This finally leads us to Conan – Yasmela and her maid get nice and nude and pray to the old god Mitra, who tells Yasmella to go out on the street and offer her kingdom to the first man she sees. Sure enough, it’s Conan himself, skulking around the dark streets and looking for a tavern. Howard proves once again that his Hyboria is a strange amalgamation of barbaric and High Middle Ages; Conan, when Yasmella presents him to her slackjawed military leaders, is bedecked in full plate armor. I remember as a young geek this is one of the things that always annoyed me about Marvel’s Conan comics…about the most they’d ever give Conan was a helmet or something.

The tale simmers on and on, with Conan marshalling the army to take on Nahtok’s horde. Strangely though, Howard keeps the climactic battles off-page, for the most part, and even worse when Conan’s around he’s playing general and isn’t even in the fray. Some characters are killed off-page and we only learn about it thanks to Howard’s usual reliance on exposition. But still, it’s all like a pulp version of the Iliad, with lots of chariot battles and the like. I found the finale a bit underwhelming, though, with Conan merely throwing a sword through Natohk. That said, the story ends with Conan about to get some fresh after-battle booty courtesy Yasmella.

“Shadows In The Dark” – This one’s a bonus, because it’s not in Conan The Freebooter. It’s actually in Conan The Swordsman (Berkley, 1978). I only include it here for two reasons – one, because chonologically it takes place right after “Black Colossus,” and two, so as to warn others to avoid it. This short story is L. Sprague De Camp and Lin Carter at their very worst. Even someone with zero knowledge of Howard’s originals will know something is amiss within the first pages, in which Conan, now raised to a high military rank in Khoraja, stomps about the palace, pouting that Princess Yasmella doesn’t spend any time with him! And when he pleads with her for more time together and Yasmella says the people would frown on their princess consorting with a barbarian, Conan suggests that they get married!!

From there it devolves into the usual clich√© fantasy junk these two authors seemed to love…Conan heads out with a small retinue on some mission to free Yasmella’s brother. It goes on and on, with the expected supernatural trimmings and random betrayals. Conan’s ostensibly on the mission so as to free Yasmella’s brother so he can rule and thus Conan and Yasmella can be together more(!), but what’s especially dumb is that by story’s end Conan has had a sudden change of heart and just goes on his merry way, not returning to Khoraja. But yeah, don’t seek this one out.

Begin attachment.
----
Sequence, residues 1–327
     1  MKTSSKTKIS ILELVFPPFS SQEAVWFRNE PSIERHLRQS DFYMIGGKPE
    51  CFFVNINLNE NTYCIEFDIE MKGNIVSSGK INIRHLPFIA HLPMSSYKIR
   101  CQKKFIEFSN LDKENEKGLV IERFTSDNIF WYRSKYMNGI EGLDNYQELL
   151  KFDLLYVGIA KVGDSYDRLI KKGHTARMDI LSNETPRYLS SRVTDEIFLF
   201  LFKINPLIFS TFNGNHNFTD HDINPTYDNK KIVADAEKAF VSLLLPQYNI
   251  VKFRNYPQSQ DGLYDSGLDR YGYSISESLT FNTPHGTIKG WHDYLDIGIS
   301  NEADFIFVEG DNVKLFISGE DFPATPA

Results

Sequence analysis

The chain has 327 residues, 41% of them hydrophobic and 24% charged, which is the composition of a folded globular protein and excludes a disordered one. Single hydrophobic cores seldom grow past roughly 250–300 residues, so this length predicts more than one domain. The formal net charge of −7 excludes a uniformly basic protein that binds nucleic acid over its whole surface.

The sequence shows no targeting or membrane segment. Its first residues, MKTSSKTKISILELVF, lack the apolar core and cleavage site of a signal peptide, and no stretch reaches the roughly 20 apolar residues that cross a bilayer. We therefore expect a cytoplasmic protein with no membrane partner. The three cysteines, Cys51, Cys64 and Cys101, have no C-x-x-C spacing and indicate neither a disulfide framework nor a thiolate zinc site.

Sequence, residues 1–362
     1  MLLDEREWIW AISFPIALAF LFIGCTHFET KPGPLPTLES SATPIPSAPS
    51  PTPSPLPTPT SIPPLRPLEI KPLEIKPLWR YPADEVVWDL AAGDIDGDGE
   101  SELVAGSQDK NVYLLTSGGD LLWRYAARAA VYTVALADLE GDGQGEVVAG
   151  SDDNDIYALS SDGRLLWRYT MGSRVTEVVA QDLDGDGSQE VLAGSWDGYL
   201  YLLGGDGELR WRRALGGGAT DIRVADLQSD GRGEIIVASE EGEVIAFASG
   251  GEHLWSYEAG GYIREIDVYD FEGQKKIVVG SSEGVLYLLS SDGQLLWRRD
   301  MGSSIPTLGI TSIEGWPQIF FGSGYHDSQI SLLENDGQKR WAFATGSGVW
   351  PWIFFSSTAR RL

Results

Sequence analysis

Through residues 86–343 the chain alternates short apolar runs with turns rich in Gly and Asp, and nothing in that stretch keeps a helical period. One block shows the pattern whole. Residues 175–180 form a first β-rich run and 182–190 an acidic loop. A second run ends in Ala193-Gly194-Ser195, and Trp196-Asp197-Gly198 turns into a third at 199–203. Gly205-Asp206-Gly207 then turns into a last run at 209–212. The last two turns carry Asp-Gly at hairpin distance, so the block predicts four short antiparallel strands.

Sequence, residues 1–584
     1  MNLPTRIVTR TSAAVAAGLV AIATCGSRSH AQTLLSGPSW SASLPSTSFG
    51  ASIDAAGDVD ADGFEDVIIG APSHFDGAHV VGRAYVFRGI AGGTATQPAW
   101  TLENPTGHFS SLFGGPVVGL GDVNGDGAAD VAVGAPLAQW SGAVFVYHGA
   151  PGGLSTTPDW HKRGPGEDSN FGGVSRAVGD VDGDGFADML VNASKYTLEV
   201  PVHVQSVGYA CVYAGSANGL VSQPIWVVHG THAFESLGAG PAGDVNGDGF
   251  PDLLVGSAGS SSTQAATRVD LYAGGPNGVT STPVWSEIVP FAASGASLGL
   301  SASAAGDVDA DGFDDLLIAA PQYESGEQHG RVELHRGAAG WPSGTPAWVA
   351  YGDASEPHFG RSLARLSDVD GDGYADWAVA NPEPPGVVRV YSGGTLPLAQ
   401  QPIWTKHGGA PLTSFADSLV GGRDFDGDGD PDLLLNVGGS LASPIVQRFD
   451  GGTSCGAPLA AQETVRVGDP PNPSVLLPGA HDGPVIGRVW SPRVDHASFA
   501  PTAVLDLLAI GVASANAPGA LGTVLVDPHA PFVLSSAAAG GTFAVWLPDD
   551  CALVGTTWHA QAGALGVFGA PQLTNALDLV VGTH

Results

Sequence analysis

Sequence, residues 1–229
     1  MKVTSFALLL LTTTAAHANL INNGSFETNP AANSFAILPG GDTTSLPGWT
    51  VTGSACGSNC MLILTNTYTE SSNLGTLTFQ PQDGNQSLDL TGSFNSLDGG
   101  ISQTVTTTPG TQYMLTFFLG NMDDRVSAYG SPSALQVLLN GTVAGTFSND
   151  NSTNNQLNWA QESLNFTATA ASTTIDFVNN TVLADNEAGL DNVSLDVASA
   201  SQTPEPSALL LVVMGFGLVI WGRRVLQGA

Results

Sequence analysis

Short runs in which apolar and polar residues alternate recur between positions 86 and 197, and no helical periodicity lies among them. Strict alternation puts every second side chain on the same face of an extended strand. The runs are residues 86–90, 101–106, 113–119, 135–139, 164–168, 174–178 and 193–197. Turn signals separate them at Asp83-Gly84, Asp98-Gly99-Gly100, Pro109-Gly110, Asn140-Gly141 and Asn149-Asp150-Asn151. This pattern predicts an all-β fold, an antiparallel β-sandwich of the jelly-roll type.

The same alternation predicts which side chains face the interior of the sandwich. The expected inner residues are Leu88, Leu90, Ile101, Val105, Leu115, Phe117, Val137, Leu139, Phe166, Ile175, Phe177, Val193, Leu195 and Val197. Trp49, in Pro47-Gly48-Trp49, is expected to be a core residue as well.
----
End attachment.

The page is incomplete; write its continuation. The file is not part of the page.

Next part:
“Shadows In the Moonlight” is the actual next story in the collection, and is an all-Howard yarn; I read the original version as reprinted in The Coming Of Conan The Cimmerian, where it appears under the title Howard gave it, “Iron Shadows In The Moon.” This one has many similarities with the superior “Queen Of The Black Coast,” which is interesting given that it was written directly before it – I almost suspect Howard wasn’t happy with this one and reworked some of the elements in that later tale.

There are also similarities to “Hawks Over Shem,” in that the story opens with Conan promptly getting revenge on some guy he’s been hunting for a while. Along the way he manages to save yet another nubile wench, Olivia, a perennially-distraught type who both clings to and shies away from Conan for the rest of the tale. She’s pretty annoying, but she’s also a princess, same as Yasmella was. As a sidenote, I find it interesting that in his “edits” De Camp never includes minor references to the previous tales, say for example Conan briefly ruminating on what led him here after the events of “Black Colossus.” Obviously such a thing wouldn’t be in Howard’s original, but you’d think De Camp would’ve figured he could tinker with these stories to make the book seem more like one multi-chaptered story instead of a sequence of random short stories.

Making their escape, Conan and Olivia find refuge on an island. Here the story reminds me of the later epic, in that Olivia has a dream – which goes on for pages – about these creatures that once lived on the island and might, gasp, still be here. Then some pirates come along and Conan goes to powow with them, getting knocked out for his efforts. Here ensues another stretch where Conan takes a bit of a break, and we must deal with Olivia, who spends most of her time either worrying or passing out from worrying. She does at least manage to free Conan from the pirates.

This is another one where you get the feeling Howard added a “supernatural” element to appease the Weird Tales editors. The thing that has been following them around the island turns out to be a giant ape with vampire fangs. A humorously-nonchalant Conan (he’s basically like, “Oh, it’s one of those things”) makes short work of it, and then Howard decides the true climax is Conan making himself the new leader of the pirates – that is, after Olivia’s dream has come true and a bunch of castle statues have come to life and gone on the attack.

“The Road Of The Eagles” is next, and this is another non-Conan yarn that De Camp has tinkered with. It’s so lame that on this second reading of Conan The Freebooter it took me over three weeks to finish it – that’s how little I wanted to return to the tale. It too is similar to “Hawks Over Shem” in that it’s clearly several unrelated storylines jammed together; the majority of the tale is about some Zamoran dancer babe trying to free her brother, and meanwhile Conan’s hanging out with some pirates and seeking revenge on a commander who betrayed them. I honestly can’t remember much else about it, other than it’s another where Conan sort of stands around while other characters finish each other off in the finale, clearly because Conan wasn’t even there in Howard’s original version.